The University of North Carolina-Chapel Hill did not approve tenure for New York Times Magazine journalist and The 1619 Project lead author Nikole Hannah-Jones after conservative groups complained about her hire at the school, NC Policy Watch reported Wednesday.
“It’s disappointing, it’s not what we wanted, and I am afraid it will have a chilling effect,” Susan King, dean of UNC’s Hussman School of Journalism and Media, told Policy Watch.
Hannah-Jones was recruited for the Knight Chair in Race and Investigative Journalism which, at the UNC-Chapel Hill campus, is typically a tenured position, NC Policy Watch reported.
However, after going through an extensive tenure approval process, the university ultimately offered Hannah-Jones a non-tenured professorship.
Hannah-Jones is a former UNC student, a Pulitzer Prize winner and has received the MacArthur Fellowship “Genius Grant,” among other awards.
She did not immediately respond to The Hill’s requests for comment.
A UNC-Chapel Hill spokesperson declined to comment saying, “The details of individual faculty hiring processes are personnel protected information.”
Not long after Hannah-Jones’s hire was announced last month, the decision was critiqued by conservative groups in North Carolina, the NC Policy Watch and the Raleigh News & Observer reported.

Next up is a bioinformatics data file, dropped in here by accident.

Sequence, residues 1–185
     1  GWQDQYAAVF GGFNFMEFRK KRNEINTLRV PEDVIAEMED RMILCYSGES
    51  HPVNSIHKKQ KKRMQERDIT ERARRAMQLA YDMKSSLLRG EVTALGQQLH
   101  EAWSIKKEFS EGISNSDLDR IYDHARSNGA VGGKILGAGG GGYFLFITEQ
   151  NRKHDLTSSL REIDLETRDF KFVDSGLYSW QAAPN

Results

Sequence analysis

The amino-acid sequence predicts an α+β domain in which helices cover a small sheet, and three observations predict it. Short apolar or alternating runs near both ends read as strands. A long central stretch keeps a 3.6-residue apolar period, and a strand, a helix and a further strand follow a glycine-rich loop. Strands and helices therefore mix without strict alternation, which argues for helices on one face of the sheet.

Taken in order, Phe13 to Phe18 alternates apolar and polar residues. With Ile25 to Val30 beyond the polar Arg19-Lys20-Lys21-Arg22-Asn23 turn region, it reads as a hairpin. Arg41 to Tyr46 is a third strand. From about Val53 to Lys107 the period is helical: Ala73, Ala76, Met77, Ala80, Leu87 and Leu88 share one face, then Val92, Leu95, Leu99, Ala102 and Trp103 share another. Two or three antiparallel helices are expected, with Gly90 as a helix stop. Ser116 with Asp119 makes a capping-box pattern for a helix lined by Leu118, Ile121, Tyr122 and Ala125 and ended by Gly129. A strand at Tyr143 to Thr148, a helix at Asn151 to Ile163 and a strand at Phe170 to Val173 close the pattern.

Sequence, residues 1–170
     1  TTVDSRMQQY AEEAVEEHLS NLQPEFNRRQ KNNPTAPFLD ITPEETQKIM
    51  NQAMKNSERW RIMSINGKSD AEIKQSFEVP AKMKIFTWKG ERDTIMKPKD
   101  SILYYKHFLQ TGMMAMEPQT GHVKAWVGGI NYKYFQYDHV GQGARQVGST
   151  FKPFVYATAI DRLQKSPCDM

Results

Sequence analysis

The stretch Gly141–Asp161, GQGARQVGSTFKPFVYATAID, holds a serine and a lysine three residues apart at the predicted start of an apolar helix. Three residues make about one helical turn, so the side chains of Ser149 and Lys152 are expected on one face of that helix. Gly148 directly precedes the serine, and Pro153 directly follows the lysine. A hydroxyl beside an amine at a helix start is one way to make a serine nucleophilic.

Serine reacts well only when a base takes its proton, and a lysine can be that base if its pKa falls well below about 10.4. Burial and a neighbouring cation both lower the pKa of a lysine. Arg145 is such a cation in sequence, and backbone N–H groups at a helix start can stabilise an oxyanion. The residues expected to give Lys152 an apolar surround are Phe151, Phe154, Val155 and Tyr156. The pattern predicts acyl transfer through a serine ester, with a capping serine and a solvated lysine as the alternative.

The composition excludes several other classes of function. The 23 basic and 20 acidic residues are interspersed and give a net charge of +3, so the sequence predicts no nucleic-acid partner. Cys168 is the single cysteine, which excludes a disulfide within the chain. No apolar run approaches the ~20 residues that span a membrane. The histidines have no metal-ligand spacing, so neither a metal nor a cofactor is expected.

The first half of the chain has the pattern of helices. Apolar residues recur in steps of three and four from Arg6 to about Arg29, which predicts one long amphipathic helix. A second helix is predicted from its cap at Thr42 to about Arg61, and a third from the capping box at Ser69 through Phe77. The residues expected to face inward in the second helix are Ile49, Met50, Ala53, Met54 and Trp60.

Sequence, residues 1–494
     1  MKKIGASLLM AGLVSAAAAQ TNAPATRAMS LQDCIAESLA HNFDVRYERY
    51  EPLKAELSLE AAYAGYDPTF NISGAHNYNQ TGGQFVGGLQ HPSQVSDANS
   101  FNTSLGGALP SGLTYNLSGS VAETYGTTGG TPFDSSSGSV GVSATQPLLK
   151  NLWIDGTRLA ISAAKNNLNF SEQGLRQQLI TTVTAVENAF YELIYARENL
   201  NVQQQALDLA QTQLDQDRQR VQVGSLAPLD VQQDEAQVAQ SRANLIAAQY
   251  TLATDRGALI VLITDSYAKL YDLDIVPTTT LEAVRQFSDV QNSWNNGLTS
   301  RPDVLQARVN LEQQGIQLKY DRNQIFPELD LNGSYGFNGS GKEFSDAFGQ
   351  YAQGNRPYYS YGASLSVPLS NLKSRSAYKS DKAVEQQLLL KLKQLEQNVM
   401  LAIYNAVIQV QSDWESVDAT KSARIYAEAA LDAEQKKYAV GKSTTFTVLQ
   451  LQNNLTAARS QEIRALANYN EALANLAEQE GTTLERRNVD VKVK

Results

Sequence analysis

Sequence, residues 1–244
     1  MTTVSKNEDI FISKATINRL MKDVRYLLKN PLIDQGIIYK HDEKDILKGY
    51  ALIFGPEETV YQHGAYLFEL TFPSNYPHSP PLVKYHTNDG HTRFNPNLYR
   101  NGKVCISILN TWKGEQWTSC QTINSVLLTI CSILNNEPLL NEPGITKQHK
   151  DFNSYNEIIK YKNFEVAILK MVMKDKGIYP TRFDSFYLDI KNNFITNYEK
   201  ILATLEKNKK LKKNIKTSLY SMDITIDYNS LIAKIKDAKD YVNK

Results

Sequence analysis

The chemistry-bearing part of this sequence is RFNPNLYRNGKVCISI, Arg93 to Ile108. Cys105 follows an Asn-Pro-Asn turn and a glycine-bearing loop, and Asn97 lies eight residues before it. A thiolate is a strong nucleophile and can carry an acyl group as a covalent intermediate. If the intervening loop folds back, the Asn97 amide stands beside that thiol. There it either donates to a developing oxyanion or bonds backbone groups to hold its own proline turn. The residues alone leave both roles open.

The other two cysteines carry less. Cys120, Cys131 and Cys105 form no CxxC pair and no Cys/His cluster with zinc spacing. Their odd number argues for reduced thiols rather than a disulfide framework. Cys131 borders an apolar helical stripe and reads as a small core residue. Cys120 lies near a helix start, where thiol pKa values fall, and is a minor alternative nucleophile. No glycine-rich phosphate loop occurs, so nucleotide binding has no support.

Those groups specifically called out her role in The 1619 Project, which examines the role slavery played in the U.S. founding. It has been criticized by conservatives as being skewed and inaccurate and some states have sought to ban it from classrooms.
To be awarded tenure, Hannah-Jones had to undergo a rigorous application process and then be approved by the UNC-Chapel Hill board of trustees.
However, once it got to that point, the board declined to take any action on Hannah-Jones’s application. So to ensure she was hired, UNC-Chapel Hill Chancellor Kevin Guskiewicz offered Hannah-Jones a fixed-term position — with a chance for tenure in five years — that does not require board approval.
“It was a work-around,” a member of the board of trustees told Policy Watch.
After the news broke, 24 faculty members of Hussman School of Journalism and Media faculty signed a public statement asking the school to change its decision.
“We call on the university’s leadership to reaffirm its commitment to the university, its faculty and time-honored norms and procedures, and its endorsed values of diversity, equity, and inclusion,” the statement read. “The university must tenure Nikole Hannah-Jones as the Knight Chair in Race and Investigative Journalism.”
[via The Hill]